1st Healthy Volunteer Dosed in Phase 1 Trial of Potential IBD Treatment IMU-856

1st Healthy Volunteer Dosed in Phase 1 Trial of Potential IBD Treatment IMU-856
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The first healthy volunteer has been dosed in an Australian Phase 1 clinical trial investigating IMU-856, a potential novel treatment for inflammatory bowel disease (IBD), according to the therapy’s developer Immunic Therapeutics.

IBD is an autoimmune disorder in which cells of the immune system attack the digestive tract, causing inflammation that leads to gastrointestinal symptoms. Typically, IBD treatments are targeted at reducing inflammation, but this can lower immune system activity, potentially leaving a patient vulnerable to other complications.

Instead of targeting inflammation, IMU-856 was designed to restore the functionality of the intestinal barrier, the dysfunction of which is implicated in a number of digestive conditions, including IBD. Of note, disruption of the intestinal barrier can cause microbes and other foreign compounds to pass into the intestine, triggering an immune response and causing inflammation.

“Current treatments for many gastrointestinal conditions focus on inhibiting inflammation and do not directly address impaired intestinal barrier function,” Hella Kohlhof, PhD, chief scientific officer of Immunic, said in a press release.

“In contrast, IMU-856 appears to have a unique targeted ability to strengthen and thereby normalize this function, potentially avoiding the bacterial triggers which can occur when the intestinal barrier is impaired,” she said.

IMU-856 is a small oral molecule that targets an as-of-yet undisclosed protein involved in the regulation of intestinal barrier function.

Preclinical data from Immunic showed that the treatment improves the intestinal barrier function and with little to no effect on the immune system, prompting the Bellberry Human Research Ethics Committee in Australia to approve a Phase 1 trial.

Immunic’s double-blind, randomized, placebo-controlled Phase 1 trial testing IMU-856 will occur in three parts.

The first part will test a single ascending dose in healthy volunteers, meaning that each volunteer will be given only one dose of IMU-856, and that the dosage level will increase with subsequent volunteers.

The second part is a multiple ascending dose phase, in which healthy volunteers will take IMU-856 once a day for 14 consecutive days, with increasing dosage levels for subsequent volunteers.

The first two parts are intended to establish IMU-856’s safety, tolerability, and pharmacokinetics (how a medication moves in the body) in healthy volunteers.

The third part will investigate IMU-856 in patients with diarrhea-predominant irritable bowel syndrome, ulcerative colitis, and Crohn’s disease who have a high degree of intestinal barrier dysfunction.

In this part, patients will be given IMU-856 once daily for 28 days and monitored for changes in intestinal barrier integrity. The study will include two dosage groups and a placebo group for comparison.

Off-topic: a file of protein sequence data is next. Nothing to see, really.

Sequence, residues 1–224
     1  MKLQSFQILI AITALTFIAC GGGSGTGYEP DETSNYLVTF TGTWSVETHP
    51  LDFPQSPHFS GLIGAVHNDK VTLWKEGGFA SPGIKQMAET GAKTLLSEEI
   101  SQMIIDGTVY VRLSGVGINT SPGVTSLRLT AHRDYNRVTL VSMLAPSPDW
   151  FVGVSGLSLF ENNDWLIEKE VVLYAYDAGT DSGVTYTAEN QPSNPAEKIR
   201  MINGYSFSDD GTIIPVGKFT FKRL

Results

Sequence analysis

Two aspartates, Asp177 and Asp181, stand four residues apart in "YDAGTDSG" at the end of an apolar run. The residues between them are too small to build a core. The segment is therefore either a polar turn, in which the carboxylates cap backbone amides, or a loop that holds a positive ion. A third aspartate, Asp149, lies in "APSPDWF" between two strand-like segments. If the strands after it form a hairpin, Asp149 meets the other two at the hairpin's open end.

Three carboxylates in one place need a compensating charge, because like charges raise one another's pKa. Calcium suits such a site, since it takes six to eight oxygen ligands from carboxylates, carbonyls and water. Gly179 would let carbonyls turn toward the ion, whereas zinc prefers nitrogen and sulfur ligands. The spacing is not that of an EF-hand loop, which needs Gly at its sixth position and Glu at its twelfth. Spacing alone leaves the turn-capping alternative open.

“Based on strong preclinical data, IMU-856 shows significant therapeutic potential for diseases that are known to be triggered by the disruption of intestinal barrier function,” said Daniel Vitt, PhD, CEO and president of Immunic.

“Dosing of the first healthy volunteer in our phase 1 clinical program of IMU-856 brings us one step closer to evaluating whether our approach may eventually translate into a novel treatment option for patients suffering from a range of gastrointestinal diseases, by potentially restoring function of the intestinal barrier without impairing the immune system,” he added.

Kohlhof said: “Because this approach appears to avoid any detrimental effects on the immune system, we believe that IMU-856 has the potential to change the treatment paradigm for gastrointestinal diseases.”

Immunic obtained the global license for IMU-856, which was originally developed by Daiichi Sankyo, in November 2018, granting it exclusive rights to potentially commercialize IMU-856 worldwide.

David earned a PhD in Biological Sciences from Columbia University in New York, NY, where he studied how Drosophila ovarian adult stem cells respond to cell signaling pathway manipulations. This work helped to redefine the organizational principles underlying adult stem cell growth models. He is currently a Science Writer, as part of the BioNews Services writing team.
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Patrícia holds her PhD in Medical Microbiology and Infectious Diseases from the Leiden University Medical Center in Leiden, The Netherlands. She has studied Applied Biology at Universidade do Minho and was a postdoctoral research fellow at Instituto de Medicina Molecular in Lisbon, Portugal. Her work has been focused on molecular genetic traits of infectious agents such as viruses and parasites.
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David earned a PhD in Biological Sciences from Columbia University in New York, NY, where he studied how Drosophila ovarian adult stem cells respond to cell signaling pathway manipulations. This work helped to redefine the organizational principles underlying adult stem cell growth models. He is currently a Science Writer, as part of the BioNews Services writing team.
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